It’s a painful memory that still sends a chill down my spine every time it crosses my mind: the night my husband and I told our boys, ages nine and 11 at the time, that we’d be divorcing. It was horrible – the sheer devastation on their innocent little faces, the tears they cried as they begged us to reconsider, the continuous questions of “why?” as they tried to process the news; every last second of it was torture.
Divorce is not something anyone plans for. No one walks down the aisle thinking,
This will probably end. No, you confidently say your I-dos, settle down in suburbia, and fill your home with little people as you work your way towards happily ever after.
Then, seemingly out of nowhere, the marriage ends. The vision you had for your life – for your kids – has been incinerated.
At least, that’s how it happened for me.
In the early days of my divorce, I was hyper-focused on my kids: Were they okay? Were they acting out? Were they repressing anger, depression or anxiety? Were they scarred for life? Would this divorce damage them, irreparably?
I did not come from a divorced home. All I knew was that picture of a complete, intact family – not one with shared parenting time, alimony payments, or step-anything. My parents got married and stayed married. Divorce was simply a foreign concept to me.
Yet here I was, divorced.
As I near the three-year anniversary of that horrible, rotten conversation that changed the course of my children’s lives, I find myself pleasantly surprised at just how well they’ve adjusted. In fact, as I look for the sliver lining of the whole situation, I feel compelled to focus not on the disastrous, negative effects my divorce may be having on my children, but rather on how the divorce might actually be serving them well.
They’re no longer witness to an unhealthy marriage
Full disclosure: on the surface, my marriage looked fine. We didn’t fight all that much – no yelling, no disparaging remarks, and we still slept in the same bed – but it was flawed, nonetheless. We didn’t communicate effectively, we pretty much went our separate ways when we were home together and we didn’t exactly consider each other’s feelings or needs on any kind of consistent basis. There were many more problems than those that existed behind the scenes, but looking at the relationship through the eyes of my children, I now realize this was not one I was proud to be role-modeling for my kids.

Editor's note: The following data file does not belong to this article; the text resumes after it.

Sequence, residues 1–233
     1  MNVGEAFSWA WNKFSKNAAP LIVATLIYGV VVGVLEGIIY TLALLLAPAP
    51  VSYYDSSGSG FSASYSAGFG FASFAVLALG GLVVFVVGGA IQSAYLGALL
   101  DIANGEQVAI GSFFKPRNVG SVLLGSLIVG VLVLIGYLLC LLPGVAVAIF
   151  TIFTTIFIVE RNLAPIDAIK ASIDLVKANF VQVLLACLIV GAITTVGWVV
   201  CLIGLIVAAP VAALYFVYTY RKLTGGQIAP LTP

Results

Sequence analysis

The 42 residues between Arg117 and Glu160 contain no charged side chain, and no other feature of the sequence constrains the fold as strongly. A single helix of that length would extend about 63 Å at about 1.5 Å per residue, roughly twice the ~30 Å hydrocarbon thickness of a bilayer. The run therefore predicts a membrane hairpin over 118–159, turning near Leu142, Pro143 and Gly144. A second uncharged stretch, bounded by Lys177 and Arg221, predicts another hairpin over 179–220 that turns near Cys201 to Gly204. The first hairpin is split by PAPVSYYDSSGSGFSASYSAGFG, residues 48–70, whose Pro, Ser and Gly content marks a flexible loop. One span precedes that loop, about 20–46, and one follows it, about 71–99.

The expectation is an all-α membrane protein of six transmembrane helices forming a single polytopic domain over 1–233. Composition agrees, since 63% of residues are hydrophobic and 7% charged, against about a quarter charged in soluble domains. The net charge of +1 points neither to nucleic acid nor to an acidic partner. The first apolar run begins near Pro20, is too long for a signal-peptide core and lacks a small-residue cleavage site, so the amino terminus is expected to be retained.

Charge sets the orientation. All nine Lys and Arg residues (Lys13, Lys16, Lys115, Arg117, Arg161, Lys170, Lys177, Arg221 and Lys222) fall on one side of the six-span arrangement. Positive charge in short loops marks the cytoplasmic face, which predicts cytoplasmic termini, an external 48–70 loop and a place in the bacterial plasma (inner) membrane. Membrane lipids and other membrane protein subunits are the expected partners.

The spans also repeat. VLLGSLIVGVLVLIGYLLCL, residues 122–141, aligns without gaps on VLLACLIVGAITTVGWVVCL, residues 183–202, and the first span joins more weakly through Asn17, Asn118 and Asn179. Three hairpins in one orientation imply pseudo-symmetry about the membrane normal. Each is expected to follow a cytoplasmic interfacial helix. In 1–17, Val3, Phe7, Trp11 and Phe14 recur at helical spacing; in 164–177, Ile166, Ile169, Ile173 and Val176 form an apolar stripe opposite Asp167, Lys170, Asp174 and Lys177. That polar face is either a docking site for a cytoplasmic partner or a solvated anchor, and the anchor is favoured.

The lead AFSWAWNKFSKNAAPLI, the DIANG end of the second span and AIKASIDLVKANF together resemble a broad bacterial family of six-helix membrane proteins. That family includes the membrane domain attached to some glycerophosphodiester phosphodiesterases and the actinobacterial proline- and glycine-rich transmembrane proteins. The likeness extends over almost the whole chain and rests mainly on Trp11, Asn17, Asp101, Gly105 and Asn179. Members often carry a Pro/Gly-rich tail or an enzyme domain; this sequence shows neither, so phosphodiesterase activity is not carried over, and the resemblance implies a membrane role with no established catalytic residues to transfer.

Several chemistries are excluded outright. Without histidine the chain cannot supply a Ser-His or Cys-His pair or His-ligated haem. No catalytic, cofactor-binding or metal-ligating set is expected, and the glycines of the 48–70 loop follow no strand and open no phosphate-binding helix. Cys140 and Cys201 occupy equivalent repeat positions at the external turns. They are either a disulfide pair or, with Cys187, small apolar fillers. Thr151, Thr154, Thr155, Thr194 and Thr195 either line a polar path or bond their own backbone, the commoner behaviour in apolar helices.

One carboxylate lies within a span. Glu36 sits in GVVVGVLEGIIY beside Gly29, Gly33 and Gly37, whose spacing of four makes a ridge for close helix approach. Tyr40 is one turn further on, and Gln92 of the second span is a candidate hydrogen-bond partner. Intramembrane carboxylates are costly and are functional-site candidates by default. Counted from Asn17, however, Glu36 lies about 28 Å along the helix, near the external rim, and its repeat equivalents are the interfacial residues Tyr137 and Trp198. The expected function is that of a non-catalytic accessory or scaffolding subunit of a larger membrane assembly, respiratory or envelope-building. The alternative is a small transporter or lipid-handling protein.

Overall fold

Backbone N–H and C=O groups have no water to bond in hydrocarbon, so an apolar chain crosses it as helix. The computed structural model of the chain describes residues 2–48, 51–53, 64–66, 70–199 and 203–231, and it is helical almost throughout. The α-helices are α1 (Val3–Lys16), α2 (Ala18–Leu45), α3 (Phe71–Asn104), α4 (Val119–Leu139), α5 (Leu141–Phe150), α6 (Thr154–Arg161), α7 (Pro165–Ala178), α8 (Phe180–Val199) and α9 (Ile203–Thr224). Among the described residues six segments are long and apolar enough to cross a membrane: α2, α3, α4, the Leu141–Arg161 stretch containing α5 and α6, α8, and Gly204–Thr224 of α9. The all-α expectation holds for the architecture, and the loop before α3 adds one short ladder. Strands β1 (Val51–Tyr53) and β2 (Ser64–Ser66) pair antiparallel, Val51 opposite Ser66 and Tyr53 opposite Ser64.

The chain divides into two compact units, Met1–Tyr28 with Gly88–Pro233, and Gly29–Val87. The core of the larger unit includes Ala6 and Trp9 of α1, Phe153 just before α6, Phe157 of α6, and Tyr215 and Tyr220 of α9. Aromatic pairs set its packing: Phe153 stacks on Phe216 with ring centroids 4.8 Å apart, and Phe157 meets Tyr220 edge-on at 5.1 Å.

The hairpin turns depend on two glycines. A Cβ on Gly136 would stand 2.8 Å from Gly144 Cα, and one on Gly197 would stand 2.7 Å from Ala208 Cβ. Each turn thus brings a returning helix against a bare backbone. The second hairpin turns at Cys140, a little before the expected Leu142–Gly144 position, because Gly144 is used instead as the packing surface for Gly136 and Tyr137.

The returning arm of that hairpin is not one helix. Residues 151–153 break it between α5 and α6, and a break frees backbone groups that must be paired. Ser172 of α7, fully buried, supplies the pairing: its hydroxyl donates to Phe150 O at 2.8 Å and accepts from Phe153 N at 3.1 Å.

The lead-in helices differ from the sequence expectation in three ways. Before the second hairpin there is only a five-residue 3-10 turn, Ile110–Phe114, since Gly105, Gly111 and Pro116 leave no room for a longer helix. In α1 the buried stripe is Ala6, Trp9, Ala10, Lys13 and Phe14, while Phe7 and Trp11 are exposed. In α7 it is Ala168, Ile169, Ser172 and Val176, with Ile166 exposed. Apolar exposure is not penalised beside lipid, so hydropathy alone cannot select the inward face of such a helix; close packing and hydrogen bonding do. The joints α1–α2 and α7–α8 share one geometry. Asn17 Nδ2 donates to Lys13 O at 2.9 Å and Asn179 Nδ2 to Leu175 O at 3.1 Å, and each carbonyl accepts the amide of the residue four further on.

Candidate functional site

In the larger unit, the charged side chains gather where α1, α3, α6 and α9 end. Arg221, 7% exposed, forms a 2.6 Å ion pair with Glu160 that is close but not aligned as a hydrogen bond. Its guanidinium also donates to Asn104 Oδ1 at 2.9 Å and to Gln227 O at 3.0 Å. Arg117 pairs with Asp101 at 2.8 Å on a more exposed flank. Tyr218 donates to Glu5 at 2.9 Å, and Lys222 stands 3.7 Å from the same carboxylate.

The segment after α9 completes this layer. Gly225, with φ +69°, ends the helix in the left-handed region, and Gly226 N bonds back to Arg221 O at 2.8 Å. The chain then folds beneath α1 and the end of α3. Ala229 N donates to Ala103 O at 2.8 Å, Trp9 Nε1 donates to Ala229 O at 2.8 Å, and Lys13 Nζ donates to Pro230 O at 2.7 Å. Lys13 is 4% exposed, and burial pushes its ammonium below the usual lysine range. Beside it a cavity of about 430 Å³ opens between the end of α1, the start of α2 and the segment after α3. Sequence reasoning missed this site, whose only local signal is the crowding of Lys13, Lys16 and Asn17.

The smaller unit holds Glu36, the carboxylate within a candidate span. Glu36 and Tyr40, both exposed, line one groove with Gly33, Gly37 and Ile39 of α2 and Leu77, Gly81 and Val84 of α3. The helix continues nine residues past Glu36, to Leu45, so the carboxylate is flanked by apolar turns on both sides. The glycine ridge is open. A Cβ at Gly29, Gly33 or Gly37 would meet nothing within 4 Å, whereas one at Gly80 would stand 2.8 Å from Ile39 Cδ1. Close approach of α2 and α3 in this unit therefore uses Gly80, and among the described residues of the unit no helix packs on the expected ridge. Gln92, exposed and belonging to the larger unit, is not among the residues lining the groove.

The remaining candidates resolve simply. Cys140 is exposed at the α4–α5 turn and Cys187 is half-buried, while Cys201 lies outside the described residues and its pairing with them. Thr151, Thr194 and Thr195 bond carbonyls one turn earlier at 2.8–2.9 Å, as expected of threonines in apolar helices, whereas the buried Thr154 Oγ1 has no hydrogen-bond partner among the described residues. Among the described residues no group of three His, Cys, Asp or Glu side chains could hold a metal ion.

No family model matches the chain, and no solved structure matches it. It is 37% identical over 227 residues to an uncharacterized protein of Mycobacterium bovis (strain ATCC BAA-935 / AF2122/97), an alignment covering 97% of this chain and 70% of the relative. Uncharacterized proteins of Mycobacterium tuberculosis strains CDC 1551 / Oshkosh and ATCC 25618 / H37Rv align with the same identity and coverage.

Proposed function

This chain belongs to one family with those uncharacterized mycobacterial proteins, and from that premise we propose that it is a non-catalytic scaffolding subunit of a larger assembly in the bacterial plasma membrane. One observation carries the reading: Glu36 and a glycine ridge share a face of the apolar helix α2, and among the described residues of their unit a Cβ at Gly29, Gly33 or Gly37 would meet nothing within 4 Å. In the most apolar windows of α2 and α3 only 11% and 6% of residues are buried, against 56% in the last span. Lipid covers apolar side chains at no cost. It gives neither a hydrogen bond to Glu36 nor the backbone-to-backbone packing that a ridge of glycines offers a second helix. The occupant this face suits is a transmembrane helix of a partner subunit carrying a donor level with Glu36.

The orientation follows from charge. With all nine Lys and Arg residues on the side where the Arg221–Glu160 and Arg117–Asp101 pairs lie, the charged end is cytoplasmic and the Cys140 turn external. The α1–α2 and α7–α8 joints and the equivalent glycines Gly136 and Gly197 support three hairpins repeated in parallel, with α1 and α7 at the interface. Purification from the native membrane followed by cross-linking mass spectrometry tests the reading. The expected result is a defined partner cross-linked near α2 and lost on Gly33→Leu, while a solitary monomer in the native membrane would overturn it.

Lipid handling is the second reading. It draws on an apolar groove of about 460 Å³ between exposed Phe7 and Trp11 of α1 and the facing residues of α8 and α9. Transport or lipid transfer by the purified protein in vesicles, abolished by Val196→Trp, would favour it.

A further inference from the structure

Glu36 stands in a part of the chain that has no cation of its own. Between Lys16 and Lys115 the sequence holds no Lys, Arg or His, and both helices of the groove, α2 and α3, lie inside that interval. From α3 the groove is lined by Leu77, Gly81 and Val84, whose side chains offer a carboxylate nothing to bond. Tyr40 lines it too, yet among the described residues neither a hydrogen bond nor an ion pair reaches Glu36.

Though I never supplied them with the specific details that led to the final plug-pull on the marriage, they are aware that it ended because it was not a healthy situation. I never wanted this for them, or for me – but at the end of the day, at least I know they’re no longer growing up in a household thinking the relationship they were witnessing was in any way something they should aspire to. They deserve better.
They see that it’s possible to get along with someone despite disagreements and past hurts
My ex-husband and I don’t just have an amicable relationship; we have a friendly one. We sit at baseball games together, discuss and decide on important events in our children’s lives, and even swap recipes on occasion. My kids have witnessed a few divorce-gone-bad scenarios in their friends’ parents – and in the beginning, they feared their father and I would succumb to the same fate: firing spews of venomous rage at each other as we fought over money, the children, or the color of the sky.
Instead, what they’ve observed over the last three years is two no-longer-married people – with vastly different personalities who don’t agree on everything – finding a way to get along for the sake of a common interest: the children. They see that in spite of past hurts, crushed egos, and financial complexities, we’ve been able to make a co-parenting relationship work. While I was not proud of the relationship we were role modeling when we were married, I am proud of the one we’re role-modeling today.
They spend more time with each of us
Strangely, they spend more time with their dad now that he’s out of the house than when he lived at home. The fact is, prior to the divorce they spent most of their time with me. He traveled a lot, so we got used to it just being the three of us most of the time. When he was home, that didn’t really change much. Whenever they needed something, they came to me. When they wanted to play a game, watch a movie, or go to the park, I was their go-to. It was the three of us, most of the time. I’m not tooting my own horn, here; it’s just how it worked out – and we were all content with those roles.
Now when they see their dad, as per the parenting schedule, the time they spend with him is quality. They go out for dinner, hit the batting cages, and even go on weekend trips together – all things they never did before. It’s not just the fun stuff, either: when they’re with him, it is he who makes their breakfast, enforces bedtimes and removes the occasional splinter. Now they see both parents as their caretakers – not just the one they see more often.
Divorce is an incredibly painful life event – and when kids are in the picture, we need to protect not only our own hearts, but theirs as well. That’s exactly what my ex-husband and I set out to do. Despite being raised in what many would consider a “broken home,” my children have adjusted beautifully. Don’t get me wrong, I’m not condoning or encouraging divorce in any way – but finding the positives in a less-than-ideal situation has been a saving grace to this divorced mom and her impressionable children.